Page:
Having trouble taking all of your HIV meds on time? You're not alone: Near-perfect adherence may be essential, but that doesn't make it easy. Luckily, there's plenty of advice out there, and special tools you can use to help ensure you take all your meds when you need to. This colorful booklet from the Terrence Higgins Trust offers some great tips. (Web highlight from the Terrence Higgins Trust)



    Addressing the Mystery: The Complex Causes of Lipodystrophy
    Hundreds, if not thousands, of pages have been published in medical journals about the causes of lipodystrophy. But we still don't completely understand these changes in an HIVer's body, in which fat accumulates or vanishes in the face, arms, legs, buttocks and other areas. And, unfortunately, no treatments have been developed that effectively cure these problems. This interview with Australian lipodystrophy expert Dr. David Nolan provides a close-up look at what researchers have learned about why lipodystrophy happens and how it can be stopped or reversed.

    New Research Examines HIV-Related Issues for Women
    After years of inattention, women are finally becoming the focus of a growing amount of HIV research. Recent studies have examined important issues such as the incidence of breast and uterine cancer among HIV-positive women; the dangers of human papillomavirus, cervical cancer and anal cancer; and the tendency of women to stop using HAART after several years. Kristen Jill Kresge of the San Francisco AIDS Foundation recaps these recent findings.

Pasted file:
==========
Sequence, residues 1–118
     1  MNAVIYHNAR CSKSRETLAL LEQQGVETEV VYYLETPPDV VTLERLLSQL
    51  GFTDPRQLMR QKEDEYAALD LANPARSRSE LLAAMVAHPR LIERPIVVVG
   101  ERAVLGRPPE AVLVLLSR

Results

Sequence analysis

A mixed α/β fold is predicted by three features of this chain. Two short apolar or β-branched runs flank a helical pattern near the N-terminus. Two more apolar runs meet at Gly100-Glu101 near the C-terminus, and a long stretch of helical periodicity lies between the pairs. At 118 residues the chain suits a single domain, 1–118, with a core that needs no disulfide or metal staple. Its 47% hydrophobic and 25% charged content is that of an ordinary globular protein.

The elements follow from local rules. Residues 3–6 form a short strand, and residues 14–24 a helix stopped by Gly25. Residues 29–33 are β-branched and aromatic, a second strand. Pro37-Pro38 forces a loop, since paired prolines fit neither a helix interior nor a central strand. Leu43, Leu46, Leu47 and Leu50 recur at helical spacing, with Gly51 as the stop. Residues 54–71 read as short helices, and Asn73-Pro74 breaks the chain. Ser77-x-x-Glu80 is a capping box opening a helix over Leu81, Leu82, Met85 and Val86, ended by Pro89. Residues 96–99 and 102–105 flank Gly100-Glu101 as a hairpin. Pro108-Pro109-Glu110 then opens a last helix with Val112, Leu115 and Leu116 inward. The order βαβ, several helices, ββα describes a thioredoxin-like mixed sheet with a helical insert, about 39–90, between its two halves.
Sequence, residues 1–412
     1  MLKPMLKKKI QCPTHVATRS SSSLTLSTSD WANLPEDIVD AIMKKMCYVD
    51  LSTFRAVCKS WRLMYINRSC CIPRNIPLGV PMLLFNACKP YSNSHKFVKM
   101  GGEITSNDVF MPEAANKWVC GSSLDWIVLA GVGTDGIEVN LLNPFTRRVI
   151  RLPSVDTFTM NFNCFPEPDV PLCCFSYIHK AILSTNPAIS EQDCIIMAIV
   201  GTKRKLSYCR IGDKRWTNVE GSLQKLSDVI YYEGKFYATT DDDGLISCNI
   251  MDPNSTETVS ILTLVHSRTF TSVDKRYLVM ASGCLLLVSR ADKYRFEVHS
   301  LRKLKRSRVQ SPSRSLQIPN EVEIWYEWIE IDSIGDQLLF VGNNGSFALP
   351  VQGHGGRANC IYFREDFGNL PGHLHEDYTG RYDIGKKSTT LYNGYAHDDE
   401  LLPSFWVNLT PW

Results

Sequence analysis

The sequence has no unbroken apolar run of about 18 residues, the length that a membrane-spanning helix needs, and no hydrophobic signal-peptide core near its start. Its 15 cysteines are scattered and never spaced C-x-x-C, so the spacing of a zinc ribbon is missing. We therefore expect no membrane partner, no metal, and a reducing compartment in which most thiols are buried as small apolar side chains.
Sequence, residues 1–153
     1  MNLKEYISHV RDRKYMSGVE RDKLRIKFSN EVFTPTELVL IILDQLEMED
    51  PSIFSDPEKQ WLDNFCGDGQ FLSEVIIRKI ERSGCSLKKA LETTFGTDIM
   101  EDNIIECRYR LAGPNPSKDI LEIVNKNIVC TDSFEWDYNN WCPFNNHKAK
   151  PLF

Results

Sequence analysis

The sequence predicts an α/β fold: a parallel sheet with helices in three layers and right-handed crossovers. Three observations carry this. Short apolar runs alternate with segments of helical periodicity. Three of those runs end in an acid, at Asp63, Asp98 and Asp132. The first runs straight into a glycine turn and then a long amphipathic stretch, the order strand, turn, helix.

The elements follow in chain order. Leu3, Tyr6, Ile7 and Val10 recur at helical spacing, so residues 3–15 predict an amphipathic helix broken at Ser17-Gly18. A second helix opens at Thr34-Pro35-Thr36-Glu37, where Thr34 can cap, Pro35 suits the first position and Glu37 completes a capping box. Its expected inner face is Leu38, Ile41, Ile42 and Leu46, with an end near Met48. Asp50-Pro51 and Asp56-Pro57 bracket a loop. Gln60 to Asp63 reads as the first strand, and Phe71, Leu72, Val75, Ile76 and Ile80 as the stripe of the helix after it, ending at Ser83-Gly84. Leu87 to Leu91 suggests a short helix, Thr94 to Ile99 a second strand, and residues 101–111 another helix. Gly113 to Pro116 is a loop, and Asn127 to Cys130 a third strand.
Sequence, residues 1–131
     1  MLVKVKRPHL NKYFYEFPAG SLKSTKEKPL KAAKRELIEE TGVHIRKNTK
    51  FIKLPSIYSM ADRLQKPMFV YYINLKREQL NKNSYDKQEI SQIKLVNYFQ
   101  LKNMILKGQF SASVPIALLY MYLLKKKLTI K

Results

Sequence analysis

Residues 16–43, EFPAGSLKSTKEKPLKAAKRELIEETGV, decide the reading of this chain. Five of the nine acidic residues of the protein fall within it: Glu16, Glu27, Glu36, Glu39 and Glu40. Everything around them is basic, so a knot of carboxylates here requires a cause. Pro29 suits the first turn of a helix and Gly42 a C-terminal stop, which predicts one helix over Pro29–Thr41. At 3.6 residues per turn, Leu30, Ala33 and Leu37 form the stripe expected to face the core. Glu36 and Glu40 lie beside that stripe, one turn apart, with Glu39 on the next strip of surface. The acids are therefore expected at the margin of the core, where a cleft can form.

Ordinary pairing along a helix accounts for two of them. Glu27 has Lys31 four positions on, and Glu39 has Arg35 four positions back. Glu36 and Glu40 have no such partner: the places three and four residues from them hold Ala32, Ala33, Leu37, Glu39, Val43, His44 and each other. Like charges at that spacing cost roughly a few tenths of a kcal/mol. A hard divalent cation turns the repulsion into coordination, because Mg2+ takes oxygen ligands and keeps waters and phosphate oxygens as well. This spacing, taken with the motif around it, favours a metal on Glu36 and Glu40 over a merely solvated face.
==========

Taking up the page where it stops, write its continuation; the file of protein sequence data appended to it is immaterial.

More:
Cancer and HIV: Better Treatments, Longer Lives
    If you have HIV and cancer, take heart: You have a better chance of surviving now than ever before, thanks to improvements in both cancer care and HIV care. In this review of recently published studies, the British HIV resource takes a look at this critical subject. (Web highlight from



    Italy Announces Progress on Early-State HIV Vaccine
    Attempts to develop an HIV vaccine continue throughout the world, despite several setbacks over recent years. Earlier this month, for instance, researchers in Italy said that recently completed phase 1 trials of a new, experimental vaccine found the drug was safe and capable of stimulating the immune systems of the people tested. The vaccine attempts to shut down a protein that allows HIV to multiply once it infects someone.



    Brazil Gets What It Wants: A Lower Price for Kaletra
    Abbott Laboratories has agreed to lower the price of Kaletra (lopinavir/ritonavir) in Brazil, leading the Brazilian government to drop its threat to break Abbott's patent on the drug and begin producing a low-cost, generic version. The agreement states that, for the next six years, Brazil will shell out the same total amount of cash for Kaletra that it does now -- even though the number of Brazilians receiving Kaletra is expected to triple over that period.

    Stigma Raises HIV Death Toll in Many Islamic Countries
    The stigma of HIV is so profound in Muslim cultures that in parts of Iran, nearly 60% of those infected with HIV kill themselves within a year of diagnosis, say Laura M. Kelley and Nicholas Eberstadt in this op-ed column. HIV is steadily making its way through many predominantly Muslim countries -- even those that do not acknowledge they have HIV in their midst. Approximately 61,000 people are infected with HIV in Iran; 180,000 in Indonesia; and 150,000 in Pakistan. The numbers are far higher in the Islamic countries of Africa: Mali alone has 420,000 infected people. (Web highlight from the Los Angeles Times; free registration required)

    Asia: Where Homosexuality Is Barely Acknowledged, How Do You Prevent HIV?